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Brooklyn Historical Society Displays Letters From Civil War Soldier Rescued From the Trash

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Today, with the help of laser labels and cheap bubble mailers, sending mail is a relatively easy task. As a result, we often forget how important this act of communication was in the days before wholesale bubble mailers and printable sticker labels, and how vital letters can still be to our understanding of the past. Take a recent exhibit at the Brooklyn Historical Society, for example: the show featured letters from a Brooklyn soldier who wrote of facing certain death in the Civil War, which were rescued from a California trash can by a conscientious bystander.

The letters were written by Captain Samuel Sims of Brooklyn, a Union officer who perished in a martial clash known as the Battle of the Crater. A bloody event in the Siege of Petersburg, Federal soldiers detonated a mine under the Confederate defenses, creating a crater and potential opening for the Union Army. Unfortunately, everything deteriorated quickly for the Federals after this promising beginning: the Confederates quickly recuperated and launched several counterattacks, causing the Federals to suffer severe casualties. The Siege of Petersburg lasted another eight months and the Union Major General Ambrose E. Burnside was relieved of his command for his role in the fiasco. However, the charge was led by Captain Sims, who wrote at least one letter to his mother in the days before the attack about his apprehension. He was one of the many who died in the battle, and his men later paid for a granite monument to be erected above his grave in Brooklyn, honoring his gallantry.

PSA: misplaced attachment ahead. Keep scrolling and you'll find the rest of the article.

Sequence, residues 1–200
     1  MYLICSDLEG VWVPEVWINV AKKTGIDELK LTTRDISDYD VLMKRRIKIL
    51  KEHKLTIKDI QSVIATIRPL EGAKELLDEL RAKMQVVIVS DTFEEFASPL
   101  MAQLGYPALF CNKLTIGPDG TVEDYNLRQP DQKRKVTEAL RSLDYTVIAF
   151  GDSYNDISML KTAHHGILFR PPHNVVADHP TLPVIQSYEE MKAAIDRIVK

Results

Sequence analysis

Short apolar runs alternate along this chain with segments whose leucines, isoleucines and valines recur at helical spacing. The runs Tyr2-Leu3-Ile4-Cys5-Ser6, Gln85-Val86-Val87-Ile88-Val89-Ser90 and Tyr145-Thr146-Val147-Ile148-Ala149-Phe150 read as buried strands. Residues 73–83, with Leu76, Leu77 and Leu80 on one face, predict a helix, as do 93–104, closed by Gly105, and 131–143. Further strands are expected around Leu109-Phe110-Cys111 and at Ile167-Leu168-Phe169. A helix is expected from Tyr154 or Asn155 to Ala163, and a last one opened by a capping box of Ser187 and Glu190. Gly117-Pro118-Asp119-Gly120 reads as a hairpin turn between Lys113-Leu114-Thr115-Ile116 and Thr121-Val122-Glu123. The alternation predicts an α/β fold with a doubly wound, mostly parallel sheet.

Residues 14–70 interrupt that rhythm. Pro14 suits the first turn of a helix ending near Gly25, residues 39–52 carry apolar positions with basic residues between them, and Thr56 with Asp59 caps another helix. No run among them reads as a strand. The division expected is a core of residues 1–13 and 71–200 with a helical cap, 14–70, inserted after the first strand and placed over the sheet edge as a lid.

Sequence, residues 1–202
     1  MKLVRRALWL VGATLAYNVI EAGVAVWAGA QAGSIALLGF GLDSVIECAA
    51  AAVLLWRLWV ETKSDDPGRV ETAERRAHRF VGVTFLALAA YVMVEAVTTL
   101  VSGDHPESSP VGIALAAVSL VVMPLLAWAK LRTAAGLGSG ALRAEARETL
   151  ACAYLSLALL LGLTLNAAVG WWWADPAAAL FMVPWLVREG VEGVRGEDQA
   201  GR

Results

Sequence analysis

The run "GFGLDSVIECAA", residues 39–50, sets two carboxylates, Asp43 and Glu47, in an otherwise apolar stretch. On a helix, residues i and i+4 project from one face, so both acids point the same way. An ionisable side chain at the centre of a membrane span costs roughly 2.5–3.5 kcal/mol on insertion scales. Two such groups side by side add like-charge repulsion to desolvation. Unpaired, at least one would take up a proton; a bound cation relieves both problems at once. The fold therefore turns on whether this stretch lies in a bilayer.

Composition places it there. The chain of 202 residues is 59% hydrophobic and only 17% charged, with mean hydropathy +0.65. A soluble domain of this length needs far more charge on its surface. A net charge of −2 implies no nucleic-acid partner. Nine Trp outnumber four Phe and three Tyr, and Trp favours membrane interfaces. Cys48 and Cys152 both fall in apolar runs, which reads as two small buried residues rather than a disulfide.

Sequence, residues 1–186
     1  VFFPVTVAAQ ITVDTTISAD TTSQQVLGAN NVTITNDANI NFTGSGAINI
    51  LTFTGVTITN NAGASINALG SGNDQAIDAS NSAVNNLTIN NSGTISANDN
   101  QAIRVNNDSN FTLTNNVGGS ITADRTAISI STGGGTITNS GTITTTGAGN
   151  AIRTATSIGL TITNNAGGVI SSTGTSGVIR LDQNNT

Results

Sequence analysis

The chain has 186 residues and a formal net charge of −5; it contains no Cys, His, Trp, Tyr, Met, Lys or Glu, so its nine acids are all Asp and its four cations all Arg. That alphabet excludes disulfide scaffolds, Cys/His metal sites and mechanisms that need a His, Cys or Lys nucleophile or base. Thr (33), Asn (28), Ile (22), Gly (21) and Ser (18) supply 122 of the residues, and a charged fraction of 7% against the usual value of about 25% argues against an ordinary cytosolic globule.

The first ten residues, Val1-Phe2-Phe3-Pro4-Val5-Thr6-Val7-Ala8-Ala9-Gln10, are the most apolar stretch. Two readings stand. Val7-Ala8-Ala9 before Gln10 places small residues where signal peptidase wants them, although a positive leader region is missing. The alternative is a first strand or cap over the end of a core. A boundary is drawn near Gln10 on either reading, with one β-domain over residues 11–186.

After his death, Sims’ letters were preserved by family members. However, when his grandson, Kenneth, and his wife, Dorothy, passed away, they had no children or relatives to take care of these heirlooms. As a result, a cleaning crew simply tossed them in a trash can, where they were rescued by passerby. After several years, this person sent the letters to the Historic Fund Collection at Greenwood Cemetery, where Sims is buried. The cemetery has since loaned the letters to the Brooklyn Historical Society for a year-long exhibit titled “Personal Correspondents: Photography and Letter Writing in Civil War Brooklyn.”

While letter-writing may have fallen out of fashion in recent years, the case of Sims’ letters shows just how important our documents can become to our descendants and future generations. Help preserve our current day: buy some cheap mailers and laser labels today and start mailing letters!

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